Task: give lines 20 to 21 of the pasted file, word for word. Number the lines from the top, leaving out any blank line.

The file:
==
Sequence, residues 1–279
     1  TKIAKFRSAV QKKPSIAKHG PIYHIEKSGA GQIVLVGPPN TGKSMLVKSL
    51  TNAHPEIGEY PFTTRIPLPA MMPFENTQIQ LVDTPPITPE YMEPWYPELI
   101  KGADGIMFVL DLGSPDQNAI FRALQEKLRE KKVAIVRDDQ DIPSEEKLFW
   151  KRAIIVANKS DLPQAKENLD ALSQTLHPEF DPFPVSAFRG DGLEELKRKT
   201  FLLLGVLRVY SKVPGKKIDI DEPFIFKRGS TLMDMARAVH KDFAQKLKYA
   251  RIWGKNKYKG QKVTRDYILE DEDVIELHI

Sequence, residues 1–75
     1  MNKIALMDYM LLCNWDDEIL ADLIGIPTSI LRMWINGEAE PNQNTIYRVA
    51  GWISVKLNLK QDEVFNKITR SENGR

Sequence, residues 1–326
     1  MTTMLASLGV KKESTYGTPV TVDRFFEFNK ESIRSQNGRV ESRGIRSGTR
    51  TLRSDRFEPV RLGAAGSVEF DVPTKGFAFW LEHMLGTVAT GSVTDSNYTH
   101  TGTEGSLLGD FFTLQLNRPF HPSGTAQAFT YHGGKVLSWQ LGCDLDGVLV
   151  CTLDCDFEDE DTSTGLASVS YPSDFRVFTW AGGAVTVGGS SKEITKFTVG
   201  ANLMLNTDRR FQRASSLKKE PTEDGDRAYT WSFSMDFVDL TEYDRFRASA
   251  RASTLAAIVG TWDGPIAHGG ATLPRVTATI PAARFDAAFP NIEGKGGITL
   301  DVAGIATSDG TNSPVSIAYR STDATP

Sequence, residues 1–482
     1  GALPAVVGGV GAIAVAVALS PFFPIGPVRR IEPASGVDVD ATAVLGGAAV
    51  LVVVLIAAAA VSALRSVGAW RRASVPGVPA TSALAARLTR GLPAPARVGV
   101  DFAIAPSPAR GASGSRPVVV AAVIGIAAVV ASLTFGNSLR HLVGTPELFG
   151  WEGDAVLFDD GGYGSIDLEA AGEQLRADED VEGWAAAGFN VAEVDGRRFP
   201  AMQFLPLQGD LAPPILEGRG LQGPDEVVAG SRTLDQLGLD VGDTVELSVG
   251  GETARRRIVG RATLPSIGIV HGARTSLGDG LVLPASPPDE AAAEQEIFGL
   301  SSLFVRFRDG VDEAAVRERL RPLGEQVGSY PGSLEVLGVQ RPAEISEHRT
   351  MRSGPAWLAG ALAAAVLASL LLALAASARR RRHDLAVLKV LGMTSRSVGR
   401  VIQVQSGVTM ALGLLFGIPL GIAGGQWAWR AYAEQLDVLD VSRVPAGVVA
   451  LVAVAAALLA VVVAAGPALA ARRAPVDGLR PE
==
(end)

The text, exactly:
     1  GALPAVVGGV GAIAVAVALS PFFPIGPVRR IEPASGVDVD ATAVLGGAAV
    51  LVVVLIAAAA VSALRSVGAW RRASVPGVPA TSALAARLTR GLPAPARVGV